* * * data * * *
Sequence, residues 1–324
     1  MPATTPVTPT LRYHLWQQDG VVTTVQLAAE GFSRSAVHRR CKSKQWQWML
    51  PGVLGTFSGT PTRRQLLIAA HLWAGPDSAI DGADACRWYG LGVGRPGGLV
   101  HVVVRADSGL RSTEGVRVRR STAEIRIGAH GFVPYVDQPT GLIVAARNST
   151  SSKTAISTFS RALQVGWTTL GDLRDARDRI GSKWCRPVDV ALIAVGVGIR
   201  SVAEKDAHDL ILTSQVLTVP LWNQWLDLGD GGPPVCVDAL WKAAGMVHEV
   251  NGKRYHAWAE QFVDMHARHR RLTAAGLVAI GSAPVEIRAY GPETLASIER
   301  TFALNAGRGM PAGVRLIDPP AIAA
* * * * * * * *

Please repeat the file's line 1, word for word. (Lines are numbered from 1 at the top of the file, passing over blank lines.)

Sequence, residues 1–324